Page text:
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World News

U.N. chief to appoint special envoy to broker peace in Libya

FILE PHOTO: United Nations Secretary-General Antonio Guterres poses for a photograph during an interview with Reuters at U.N. headquarters in New York City, New York, U.S., September 14, 2020. REUTERS/Mike Segar

UNITED NATIONS (Reuters) - The U.N. Security Council on Tuesday asked Secretary-General Antonio Guterres to appoint a special envoy to broker peace in Libya, although Russia and China abstained from voting on the resolution that also extended the U.N. mission in the country.

Ghassan Salame, who headed the U.N. political mission and was also charged with trying to mediate peace, quit in March due to stress. Guterres informally proposed a replacement, but the United States wanted the role split to have one person run the U.N. mission and a special envoy to focus on mediation.

The Security Council agreed to that proposal on Tuesday.

“With the new structure, we will have to present a new candidate and we will have to naturally consult with the Security Council for that purpose,” Guterres told Reuters in an interview on Monday.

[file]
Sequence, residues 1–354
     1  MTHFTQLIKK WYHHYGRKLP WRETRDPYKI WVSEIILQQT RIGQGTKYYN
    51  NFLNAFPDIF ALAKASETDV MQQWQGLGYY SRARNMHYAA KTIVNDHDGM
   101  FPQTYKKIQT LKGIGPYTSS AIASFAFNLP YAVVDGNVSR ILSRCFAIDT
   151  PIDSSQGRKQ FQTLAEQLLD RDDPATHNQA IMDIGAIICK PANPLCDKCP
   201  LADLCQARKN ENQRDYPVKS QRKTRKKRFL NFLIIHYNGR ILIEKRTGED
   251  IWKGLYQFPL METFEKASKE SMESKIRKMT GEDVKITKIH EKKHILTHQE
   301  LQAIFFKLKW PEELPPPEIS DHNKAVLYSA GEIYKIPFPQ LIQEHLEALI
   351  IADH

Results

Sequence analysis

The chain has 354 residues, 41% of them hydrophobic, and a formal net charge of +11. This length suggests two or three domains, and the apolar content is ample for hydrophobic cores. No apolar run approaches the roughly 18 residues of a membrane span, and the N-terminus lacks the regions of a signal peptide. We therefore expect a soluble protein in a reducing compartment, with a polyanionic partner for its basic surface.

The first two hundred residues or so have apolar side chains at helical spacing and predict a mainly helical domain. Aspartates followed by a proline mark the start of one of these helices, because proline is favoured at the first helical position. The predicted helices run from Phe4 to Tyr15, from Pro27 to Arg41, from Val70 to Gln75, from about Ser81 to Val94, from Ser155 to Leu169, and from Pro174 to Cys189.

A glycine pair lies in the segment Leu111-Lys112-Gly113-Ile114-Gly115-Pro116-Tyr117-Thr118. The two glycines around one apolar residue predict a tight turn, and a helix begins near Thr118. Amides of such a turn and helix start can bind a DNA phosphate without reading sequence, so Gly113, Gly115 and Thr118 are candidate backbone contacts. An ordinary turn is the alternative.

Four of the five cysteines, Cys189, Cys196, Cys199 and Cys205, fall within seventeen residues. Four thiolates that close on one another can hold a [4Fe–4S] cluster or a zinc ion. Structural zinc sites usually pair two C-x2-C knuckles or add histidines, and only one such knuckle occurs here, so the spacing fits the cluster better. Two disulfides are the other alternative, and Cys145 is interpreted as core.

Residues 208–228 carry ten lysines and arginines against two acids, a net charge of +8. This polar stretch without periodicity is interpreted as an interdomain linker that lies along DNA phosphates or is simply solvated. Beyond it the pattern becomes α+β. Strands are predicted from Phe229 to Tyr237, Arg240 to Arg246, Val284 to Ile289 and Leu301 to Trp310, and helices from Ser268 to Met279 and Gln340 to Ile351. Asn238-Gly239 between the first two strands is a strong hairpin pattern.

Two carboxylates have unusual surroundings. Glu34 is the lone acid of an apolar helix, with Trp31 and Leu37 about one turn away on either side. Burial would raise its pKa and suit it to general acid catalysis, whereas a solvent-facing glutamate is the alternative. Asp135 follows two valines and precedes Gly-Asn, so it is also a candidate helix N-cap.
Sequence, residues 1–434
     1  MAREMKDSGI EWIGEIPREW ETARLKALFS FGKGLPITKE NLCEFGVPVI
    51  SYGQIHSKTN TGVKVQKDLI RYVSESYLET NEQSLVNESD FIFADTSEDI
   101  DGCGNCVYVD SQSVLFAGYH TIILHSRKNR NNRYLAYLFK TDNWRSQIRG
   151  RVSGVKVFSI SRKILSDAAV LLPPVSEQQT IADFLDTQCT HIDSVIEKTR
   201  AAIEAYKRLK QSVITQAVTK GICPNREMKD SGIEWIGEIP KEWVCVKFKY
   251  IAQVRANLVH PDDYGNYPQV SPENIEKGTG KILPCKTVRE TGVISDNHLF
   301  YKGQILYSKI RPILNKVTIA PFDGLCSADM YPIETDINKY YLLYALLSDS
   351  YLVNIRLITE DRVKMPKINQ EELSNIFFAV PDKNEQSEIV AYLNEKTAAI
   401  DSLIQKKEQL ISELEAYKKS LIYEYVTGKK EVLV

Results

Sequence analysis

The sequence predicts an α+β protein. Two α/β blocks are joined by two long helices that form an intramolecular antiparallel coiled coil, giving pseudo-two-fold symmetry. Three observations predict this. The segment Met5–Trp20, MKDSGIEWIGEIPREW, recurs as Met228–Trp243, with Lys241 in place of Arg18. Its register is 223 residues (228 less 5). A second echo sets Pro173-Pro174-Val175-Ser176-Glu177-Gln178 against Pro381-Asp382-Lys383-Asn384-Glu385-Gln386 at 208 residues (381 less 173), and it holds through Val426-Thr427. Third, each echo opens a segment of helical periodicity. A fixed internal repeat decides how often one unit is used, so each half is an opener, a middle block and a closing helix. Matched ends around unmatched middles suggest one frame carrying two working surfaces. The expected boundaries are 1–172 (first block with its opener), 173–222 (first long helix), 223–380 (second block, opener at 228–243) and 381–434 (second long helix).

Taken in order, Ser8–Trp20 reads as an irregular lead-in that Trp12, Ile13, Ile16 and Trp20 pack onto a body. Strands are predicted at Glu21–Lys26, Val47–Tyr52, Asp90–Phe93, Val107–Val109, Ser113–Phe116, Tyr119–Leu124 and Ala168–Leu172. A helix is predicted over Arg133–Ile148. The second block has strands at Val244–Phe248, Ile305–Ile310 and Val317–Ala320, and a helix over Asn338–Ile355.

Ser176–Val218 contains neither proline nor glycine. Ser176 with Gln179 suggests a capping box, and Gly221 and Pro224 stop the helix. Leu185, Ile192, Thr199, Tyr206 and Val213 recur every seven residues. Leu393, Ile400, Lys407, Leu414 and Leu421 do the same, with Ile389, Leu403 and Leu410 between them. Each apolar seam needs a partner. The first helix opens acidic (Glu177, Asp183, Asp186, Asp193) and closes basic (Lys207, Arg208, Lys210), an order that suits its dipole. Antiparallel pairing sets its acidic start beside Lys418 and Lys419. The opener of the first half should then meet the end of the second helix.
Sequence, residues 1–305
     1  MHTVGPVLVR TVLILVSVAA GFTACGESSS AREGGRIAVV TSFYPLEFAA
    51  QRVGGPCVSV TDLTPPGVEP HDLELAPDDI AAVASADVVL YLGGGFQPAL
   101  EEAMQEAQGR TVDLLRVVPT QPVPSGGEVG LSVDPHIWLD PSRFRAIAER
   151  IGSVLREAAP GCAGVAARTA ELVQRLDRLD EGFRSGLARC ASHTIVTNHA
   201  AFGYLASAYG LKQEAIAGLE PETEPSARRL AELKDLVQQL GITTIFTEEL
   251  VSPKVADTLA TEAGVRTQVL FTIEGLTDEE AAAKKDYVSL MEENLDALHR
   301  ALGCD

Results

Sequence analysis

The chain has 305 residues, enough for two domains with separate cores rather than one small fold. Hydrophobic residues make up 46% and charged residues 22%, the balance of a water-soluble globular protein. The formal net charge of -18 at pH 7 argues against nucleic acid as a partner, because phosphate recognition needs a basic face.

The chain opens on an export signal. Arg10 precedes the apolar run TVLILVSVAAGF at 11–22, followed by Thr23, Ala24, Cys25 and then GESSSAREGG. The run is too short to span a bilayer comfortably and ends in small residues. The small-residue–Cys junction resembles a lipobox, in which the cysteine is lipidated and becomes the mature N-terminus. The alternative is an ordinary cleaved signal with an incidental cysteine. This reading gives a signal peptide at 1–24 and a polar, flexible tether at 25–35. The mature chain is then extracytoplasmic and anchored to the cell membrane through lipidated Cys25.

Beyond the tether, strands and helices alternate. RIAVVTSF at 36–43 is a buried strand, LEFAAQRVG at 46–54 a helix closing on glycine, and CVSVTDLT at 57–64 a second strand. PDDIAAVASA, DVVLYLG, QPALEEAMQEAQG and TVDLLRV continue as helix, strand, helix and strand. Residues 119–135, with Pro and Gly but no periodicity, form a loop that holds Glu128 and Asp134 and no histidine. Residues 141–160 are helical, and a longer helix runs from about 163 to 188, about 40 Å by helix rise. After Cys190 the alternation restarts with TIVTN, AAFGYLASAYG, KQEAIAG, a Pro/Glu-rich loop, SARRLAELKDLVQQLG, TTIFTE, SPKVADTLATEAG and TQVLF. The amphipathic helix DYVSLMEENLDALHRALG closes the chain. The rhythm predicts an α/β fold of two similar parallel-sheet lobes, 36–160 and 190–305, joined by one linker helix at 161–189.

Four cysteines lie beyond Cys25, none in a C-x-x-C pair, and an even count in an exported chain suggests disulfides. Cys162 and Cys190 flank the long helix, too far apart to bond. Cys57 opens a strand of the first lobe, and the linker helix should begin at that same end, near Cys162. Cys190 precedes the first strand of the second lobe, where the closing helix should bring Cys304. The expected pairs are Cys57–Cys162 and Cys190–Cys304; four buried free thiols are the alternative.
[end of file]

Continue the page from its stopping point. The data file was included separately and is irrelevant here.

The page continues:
The Security Council traditionally agrees - informally - by consensus to such appointments. Several months ago, the United States proposed that Guterres appoint former Danish Prime Minister Helle Thorning-Schmidt to be special envoy, but diplomats said she had since withdrawn herself.

Russia and China said they abstained on the resolution on Tuesday because it did not include their suggested amendments.

Libya descended into chaos after the NATO-backed overthrow of leader Muammar Gaddafi in 2011. Since 2014, it has been split, with an internationally recognized government controlling the capital, Tripoli, and the northwest, while military leader Khalifa Haftar in Benghazi rules the east.

Haftar is supported by the United Arab Emirates, Egypt and Russia, while the government is backed by Turkey.

“I’m shocked with the fact that so many spoilers, so many countries, have been interfering with the Libyan situation, building up military capacity on both sides ... completely disregarding resolutions of the Security Council in relation to the arms embargo, or mercenaries,” Guterres told Reuters.

Reporting by Michelle Nichols; editing by Jonathan Oatis

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